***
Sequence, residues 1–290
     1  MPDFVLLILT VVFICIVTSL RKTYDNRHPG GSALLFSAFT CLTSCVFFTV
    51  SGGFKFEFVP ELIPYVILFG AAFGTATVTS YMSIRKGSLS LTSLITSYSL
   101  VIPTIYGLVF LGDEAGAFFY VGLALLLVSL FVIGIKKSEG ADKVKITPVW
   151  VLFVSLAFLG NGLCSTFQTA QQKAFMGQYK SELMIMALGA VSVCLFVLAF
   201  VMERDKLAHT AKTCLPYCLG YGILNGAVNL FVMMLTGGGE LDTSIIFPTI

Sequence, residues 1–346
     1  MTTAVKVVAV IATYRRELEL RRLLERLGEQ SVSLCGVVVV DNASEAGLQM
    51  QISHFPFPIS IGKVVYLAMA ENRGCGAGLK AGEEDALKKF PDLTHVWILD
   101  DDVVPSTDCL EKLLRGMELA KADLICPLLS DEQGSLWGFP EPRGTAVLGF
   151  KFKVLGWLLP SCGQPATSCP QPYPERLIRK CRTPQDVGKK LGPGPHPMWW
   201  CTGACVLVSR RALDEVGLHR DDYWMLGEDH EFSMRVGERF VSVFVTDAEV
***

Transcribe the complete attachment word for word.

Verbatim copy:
Sequence, residues 1–290
     1  MPDFVLLILT VVFICIVTSL RKTYDNRHPG GSALLFSAFT CLTSCVFFTV
    51  SGGFKFEFVP ELIPYVILFG AAFGTATVTS YMSIRKGSLS LTSLITSYSL
   101  VIPTIYGLVF LGDEAGAFFY VGLALLLVSL FVIGIKKSEG ADKVKITPVW
   151  VLFVSLAFLG NGLCSTFQTA QQKAFMGQYK SELMIMALGA VSVCLFVLAF
   201  VMERDKLAHT AKTCLPYCLG YGILNGAVNL FVMMLTGGGE LDTSIIFPTI

Sequence, residues 1–346
     1  MTTAVKVVAV IATYRRELEL RRLLERLGEQ SVSLCGVVVV DNASEAGLQM
    51  QISHFPFPIS IGKVVYLAMA ENRGCGAGLK AGEEDALKKF PDLTHVWILD
   101  DDVVPSTDCL EKLLRGMELA KADLICPLLS DEQGSLWGFP EPRGTAVLGF
   151  KFKVLGWLLP SCGQPATSCP QPYPERLIRK CRTPQDVGKK LGPGPHPMWW
   201  CTGACVLVSR RALDEVGLHR DDYWMLGEDH EFSMRVGERF VSVFVTDAEV